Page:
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Speleology in Kazakhstan

Shakalov on 04 Jul, 2018
Hello everyone!   I pleased to invite you to the official site of Central Asian Karstic-Speleological commission ("Kaspeko")   There, we regularly publish reports about our expeditions, articles and reports on speleotopics, lecture course for instructors, photos etc. ...

New publications on hypogene speleogenesis

Klimchouk on 26 Mar, 2012
Dear Colleagues, This is to draw your attention to several recent publications added to KarstBase, relevant to hypogenic karst/speleogenesis: Corrosion of limestone tablets in sulfidic ground-water: measurements and speleogenetic implications Galdenzi,

The deepest terrestrial animal

Klimchouk on 23 Feb, 2012
A recent publication of Spanish researchers describes the biology of Krubera Cave, including the deepest terrestrial animal ever found: Jordana, Rafael; Baquero, Enrique; Reboleira, Sofía and Sendra, Alberto. ...

Caves - landscapes without light

akop on 05 Feb, 2012
Exhibition dedicated to caves is taking place in the Vienna Natural History Museum   The exhibition at the Natural History Museum presents the surprising variety of caves and cave formations such as stalactites and various crystals. ...

Did you know?

That gypsum cave is both vadose and phreatic caves can form in gypsum, which is very soluble in water, but they are uncommon because gypsum rock rarely survives total dissolution in the near-surface environments associated with explorable caves. gypsum caves certainly exist at depth within buried evaporate sequences. in areas of wet climate gypsum caves are generally seen only if encountered by man-made excavations. in contrast, gypsum caves are more common and more extensive in areas that have experienced a long period of dominantly arid climate. the most spectacular gypsum caves are in the podolie region of the ukraine, where joint guided mazecave systems are very extensive - optimisticeskaja has around 215 km of passsage [9].?

Checkout all 2699 terms in the KarstBase Glossary of Karst and Cave Terms

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KarstBase a bibliography database in karst and cave science.

Featured articles from Cave & Karst Science Journals
Chemistry and Karst, White, William B.
See all featured articles
Featured articles from other Geoscience Journals
Karst environment, Culver D.C.
Mushroom Speleothems: Stromatolites That Formed in the Absence of Phototrophs, Bontognali, Tomaso R.R.; D’Angeli Ilenia M.; Tisato, Nicola; Vasconcelos, Crisogono; Bernasconi, Stefano M.; Gonzales, Esteban R. G.; De Waele, Jo
Calculating flux to predict future cave radon concentrations, Rowberry, Matt; Marti, Xavi; Frontera, Carlos; Van De Wiel, Marco; Briestensky, Milos
Microbial mediation of complex subterranean mineral structures, Tirato, Nicola; Torriano, Stefano F.F;, Monteux, Sylvain; Sauro, Francesco; De Waele, Jo; Lavagna, Maria Luisa; D’Angeli, Ilenia Maria; Chailloux, Daniel; Renda, Michel; Eglinton, Timothy I.; Bontognali, Tomaso Renzo Rezio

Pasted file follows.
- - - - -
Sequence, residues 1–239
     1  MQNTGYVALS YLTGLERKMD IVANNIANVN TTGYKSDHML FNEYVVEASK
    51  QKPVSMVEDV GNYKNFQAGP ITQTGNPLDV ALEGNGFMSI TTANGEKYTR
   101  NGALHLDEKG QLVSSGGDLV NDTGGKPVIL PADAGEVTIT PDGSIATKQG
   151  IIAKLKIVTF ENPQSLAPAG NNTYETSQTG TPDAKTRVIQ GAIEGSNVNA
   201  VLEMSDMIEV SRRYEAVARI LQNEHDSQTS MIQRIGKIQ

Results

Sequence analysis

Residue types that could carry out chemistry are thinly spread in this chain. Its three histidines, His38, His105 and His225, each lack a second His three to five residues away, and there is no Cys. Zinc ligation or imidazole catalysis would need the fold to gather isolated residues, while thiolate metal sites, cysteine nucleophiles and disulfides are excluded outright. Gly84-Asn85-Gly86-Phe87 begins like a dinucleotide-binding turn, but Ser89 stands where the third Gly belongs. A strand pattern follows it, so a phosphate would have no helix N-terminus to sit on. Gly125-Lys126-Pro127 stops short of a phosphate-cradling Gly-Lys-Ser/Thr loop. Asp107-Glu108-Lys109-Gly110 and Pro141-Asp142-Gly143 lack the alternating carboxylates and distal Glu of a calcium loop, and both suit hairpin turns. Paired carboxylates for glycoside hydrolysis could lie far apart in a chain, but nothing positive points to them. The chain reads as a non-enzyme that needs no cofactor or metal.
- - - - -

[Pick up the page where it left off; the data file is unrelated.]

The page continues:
Evidence of a plate-wide tectonic pressure pulse provided by extensometric monitoring in the Balkan Mountains (Bulgaria), Briestensky, Milos; Rowberry, Matt; Stemberk, Josef; Stefanov, Petar; Vozar, Jozef; Sebela, Stanka; Petro, Lubomir; Bella, Pavel; Gaal, Ludovit; Ormukov, Cholponbek;
See all featured articles from other geoscience journals

Geochemistry: Exploration, Environment, Analysis, 2004, Vol 4, Issue 2, p. 161-170
Geochemical exploration for gold in Jamaica: a comparison of stream sediment and soil surveys
Abstract:
The geology of Jamaica is reviewed with reference to gold. Two geochemical surveys, one employing stream sediments for mineral exploration in selected regions of Jamaica considered a priori to have greater mineral potential, and the other an island-wide low-density soil survey to meet agro-environmental objectives, were undertaken in 1986 and 1988, respectively. The paper presents an interpretation of the previously unpublished soil data for gold, and undertakes a comparison of the two surveys in terms of their effectiveness for gold exploration. The stream sediment survey (1 site per 1 km2) led to the discovery of three new gold occurrences, one of which became a producing mine in 2001, and the recognition of two previously known auriferous districts. The low-density soil survey (1 site per 64 km2) identified the host rocks of three of these auriferous districts as having gold potential, including those of the producing mine, demonstrating its value as a broad-scale regional mineral reconnaissance tool. Geochemical studies of gold in Jamaica are complicated by the presence of transported palaeo-anomalies, related to Miocene ash-falls, in terra rossa soils in karst terrain. The Fe/Na ratio is an index of soil maturity and increases over two-and-a-half orders of magnitude with increasing soil age and mature. The plotting of Au versus the Fe/Na ratio in soils offers a simple procedure for identifying samples most likely to be related to gold occurrences in bedrock, i.e. high Au and low Fe/Na ratio. It is concluded that in the specific instance of Jamaica's high relief terrain and the apparent limitation of gold occurrences to the Cretaceous Inliers and Eocene Wagwater Trough underlying those high relief areas, stream sediment sampling is the most effective mineral exploration tool